Dr. Martin Rutherford: Whatever that’s testing…
Dr. Randall Gates: …done at specialty centers where basically they test how well you sweat. There are other simpler tests that are coming out which have some pretty good sensitivity, and specificity varies, termed the neuroderm test I believe. Basically, it tests how well you sweat on your foot, which is a function mediated by small fiber, nerve fibers.
Dr. Martin Rutherford: Yeah, but you can have it tested in an office environment with simply a pinwheel, Achilles tendon, using a piece of cotton, using toothpicks or whatever you want. I don’t want to denigrate it. I’m just saying that if you do a good history, if you understand what the symptoms of alcoholic peripheral neuropathy are, and then you do this test, and then you find out that all of these or three quarters of these tests are positive, the pin and this, you’ve got it.
I mean I know we’re enamored by the sophisticated, but a lot of times the sophisticated is not as sensitive as doing the history and the exam.
Dr. Randall Gates: And really not readily available, especially these QSART tests.
Dr. Martin Rutherford: Yeah.
Dr. Randall Gates: I said they’re available at specialty centers. We live here in Reno, Nevada. We have a population of approximately 300,000 in this basin, but to my knowledge, no one is doing QSART tests in this area. That’s where I think some medical neurologists are a little weary of making the small fiber neuropathy…
Dr. Martin Rutherford: Diagnosis.
Dr. Randall Gates: …diagnosis because they commonly can use the nerve conduction velocity and the EMG to solidify their diagnosis that it is peripheral neuropathy involving all fiber types. But for a small fiber neuropathy, it gets a little more nuanced, hard to diagnose. You also have to look for other things that could potentially be going on like with the spinal cord and things of that nature.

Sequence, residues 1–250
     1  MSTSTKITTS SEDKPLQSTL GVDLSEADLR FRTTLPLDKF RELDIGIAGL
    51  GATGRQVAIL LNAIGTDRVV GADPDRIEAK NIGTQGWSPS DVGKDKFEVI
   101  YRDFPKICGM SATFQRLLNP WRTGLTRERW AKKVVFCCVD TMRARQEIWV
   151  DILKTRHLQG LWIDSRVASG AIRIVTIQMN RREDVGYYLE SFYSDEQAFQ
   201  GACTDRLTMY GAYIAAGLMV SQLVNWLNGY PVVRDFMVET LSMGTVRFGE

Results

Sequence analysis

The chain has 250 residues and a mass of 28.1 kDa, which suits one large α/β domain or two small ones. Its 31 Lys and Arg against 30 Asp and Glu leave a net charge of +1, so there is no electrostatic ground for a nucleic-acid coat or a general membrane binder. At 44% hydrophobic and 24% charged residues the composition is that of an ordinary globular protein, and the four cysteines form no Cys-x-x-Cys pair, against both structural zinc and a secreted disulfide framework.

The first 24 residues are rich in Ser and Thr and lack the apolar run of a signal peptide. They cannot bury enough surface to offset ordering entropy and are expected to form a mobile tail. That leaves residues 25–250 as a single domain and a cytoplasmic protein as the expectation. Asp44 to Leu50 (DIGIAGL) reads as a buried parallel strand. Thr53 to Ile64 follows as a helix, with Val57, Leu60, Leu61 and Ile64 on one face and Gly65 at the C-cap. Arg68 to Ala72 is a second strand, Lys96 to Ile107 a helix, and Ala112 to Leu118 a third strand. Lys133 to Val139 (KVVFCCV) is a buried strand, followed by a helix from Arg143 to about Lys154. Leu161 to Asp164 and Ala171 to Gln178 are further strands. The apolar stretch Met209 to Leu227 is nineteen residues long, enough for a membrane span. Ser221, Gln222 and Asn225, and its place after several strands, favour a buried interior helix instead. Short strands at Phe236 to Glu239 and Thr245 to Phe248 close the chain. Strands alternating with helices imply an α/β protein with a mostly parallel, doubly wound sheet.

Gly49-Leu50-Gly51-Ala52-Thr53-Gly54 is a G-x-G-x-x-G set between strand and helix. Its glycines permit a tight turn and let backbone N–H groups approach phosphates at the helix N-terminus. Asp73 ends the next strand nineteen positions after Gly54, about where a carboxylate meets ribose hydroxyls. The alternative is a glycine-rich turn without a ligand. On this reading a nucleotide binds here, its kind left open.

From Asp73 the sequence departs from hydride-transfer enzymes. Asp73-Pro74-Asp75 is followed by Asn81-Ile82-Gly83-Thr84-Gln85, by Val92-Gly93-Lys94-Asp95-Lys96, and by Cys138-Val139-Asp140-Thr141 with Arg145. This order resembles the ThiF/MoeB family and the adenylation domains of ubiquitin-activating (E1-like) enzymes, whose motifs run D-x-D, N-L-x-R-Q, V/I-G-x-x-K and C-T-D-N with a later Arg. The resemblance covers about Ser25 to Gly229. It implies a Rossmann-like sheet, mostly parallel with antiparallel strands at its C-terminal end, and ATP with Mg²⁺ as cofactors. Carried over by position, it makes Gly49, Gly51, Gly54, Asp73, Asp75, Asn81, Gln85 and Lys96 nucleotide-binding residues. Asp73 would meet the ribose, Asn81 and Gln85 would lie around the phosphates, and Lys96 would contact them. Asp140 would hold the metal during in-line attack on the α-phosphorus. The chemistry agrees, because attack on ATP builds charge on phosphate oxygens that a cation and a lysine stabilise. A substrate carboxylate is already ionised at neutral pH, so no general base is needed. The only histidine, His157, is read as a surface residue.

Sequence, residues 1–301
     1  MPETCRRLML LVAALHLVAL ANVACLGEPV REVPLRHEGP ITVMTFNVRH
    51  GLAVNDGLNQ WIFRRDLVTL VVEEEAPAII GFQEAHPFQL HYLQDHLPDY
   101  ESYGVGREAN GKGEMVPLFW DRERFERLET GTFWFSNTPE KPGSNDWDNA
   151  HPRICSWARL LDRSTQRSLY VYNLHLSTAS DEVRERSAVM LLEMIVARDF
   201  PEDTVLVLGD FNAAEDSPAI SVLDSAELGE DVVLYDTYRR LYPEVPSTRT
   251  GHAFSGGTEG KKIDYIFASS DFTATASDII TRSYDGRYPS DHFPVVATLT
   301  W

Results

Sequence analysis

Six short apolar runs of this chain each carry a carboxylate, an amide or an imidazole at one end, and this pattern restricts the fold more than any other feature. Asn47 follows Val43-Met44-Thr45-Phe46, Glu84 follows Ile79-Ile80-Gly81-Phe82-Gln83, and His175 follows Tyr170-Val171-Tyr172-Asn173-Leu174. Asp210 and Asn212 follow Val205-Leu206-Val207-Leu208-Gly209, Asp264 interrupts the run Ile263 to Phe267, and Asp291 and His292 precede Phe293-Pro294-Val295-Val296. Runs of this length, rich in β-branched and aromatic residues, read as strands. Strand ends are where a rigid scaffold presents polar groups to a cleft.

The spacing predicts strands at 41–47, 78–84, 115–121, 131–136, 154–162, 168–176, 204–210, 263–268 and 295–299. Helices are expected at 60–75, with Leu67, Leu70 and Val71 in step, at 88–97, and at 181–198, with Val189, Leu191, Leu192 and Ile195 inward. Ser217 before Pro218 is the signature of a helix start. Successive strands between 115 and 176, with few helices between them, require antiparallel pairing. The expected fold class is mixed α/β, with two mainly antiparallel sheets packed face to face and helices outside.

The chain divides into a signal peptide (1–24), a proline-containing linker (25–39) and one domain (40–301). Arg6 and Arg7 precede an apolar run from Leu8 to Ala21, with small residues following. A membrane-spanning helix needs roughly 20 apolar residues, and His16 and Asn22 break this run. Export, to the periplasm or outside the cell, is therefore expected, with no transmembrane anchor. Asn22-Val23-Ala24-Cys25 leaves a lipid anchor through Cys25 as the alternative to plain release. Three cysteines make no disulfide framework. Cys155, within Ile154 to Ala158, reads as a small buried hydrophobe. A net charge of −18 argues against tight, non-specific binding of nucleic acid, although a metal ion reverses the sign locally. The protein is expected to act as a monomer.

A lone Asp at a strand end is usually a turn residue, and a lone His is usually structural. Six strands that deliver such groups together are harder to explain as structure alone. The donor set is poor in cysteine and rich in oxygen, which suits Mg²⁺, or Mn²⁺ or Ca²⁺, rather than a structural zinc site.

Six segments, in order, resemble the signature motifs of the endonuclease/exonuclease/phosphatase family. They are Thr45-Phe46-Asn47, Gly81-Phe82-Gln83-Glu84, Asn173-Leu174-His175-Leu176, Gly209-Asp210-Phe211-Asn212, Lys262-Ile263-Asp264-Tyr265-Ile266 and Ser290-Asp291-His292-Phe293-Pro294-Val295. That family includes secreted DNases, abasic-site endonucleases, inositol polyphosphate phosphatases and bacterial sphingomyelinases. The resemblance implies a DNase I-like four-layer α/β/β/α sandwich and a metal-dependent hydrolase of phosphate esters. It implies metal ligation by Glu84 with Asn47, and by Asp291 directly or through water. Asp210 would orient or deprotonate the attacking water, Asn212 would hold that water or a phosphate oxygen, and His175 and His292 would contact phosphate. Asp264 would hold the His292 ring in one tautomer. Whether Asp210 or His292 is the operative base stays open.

Dr. Martin Rutherford: Right.
Dr. Randall Gates: We rule those things out when making our diagnosis. Just know if you have alcoholic neuropathy, another thing that we haven’t talked about is that we do use techniques to stimulate the nerves in our office, electrical stimulation. We’ve talked in other videos regarding neuropathy that basically, the literature shows that you can go in and you can stimulate these nerves back into life for at least a couple of days. But the underlying metabolic cause has to be addressed. If you can address the metabolic cause, in your case it was alcoholism, you eliminated that, and if we can go back in and give you certain nutrients maybe to rebuild your nerves back while stimulating your nerves, there’s a possibility, and I say that because we see it clinically, where people feel better.
Dr. Martin Rutherford: Yeah.
Dr. Randall Gates: We’re not saying it’s a cure for everybody, but we have cases that we hand pick who we think are going to do well that go through our program where we stimulate the nerves and we address the metabolic components, and lots of times they’re pretty happy…
Dr. Martin Rutherford: Yeah, most people can do better. The question is how much.
Dr. Randall Gates: Right.
Dr. Martin Rutherford: You know, substantially, or whatever.
Dr. Randall Gates: And for how long.
Dr. Martin Rutherford: For some people 50% might be substantial, but we see some pretty consistently good results with those techniques. Okay.
Dr. Randall Gates: Yeah.
Dr. Martin Rutherford: That’s all I wanted to point out.
Dr. Randall Gates If you have any other questions on this matter, you can go to powerhealthtalk.com and leave us a question there, or you can go to our Power Health Facebook page and send us a message and like us. All right. Thanks for watching. Have a good day.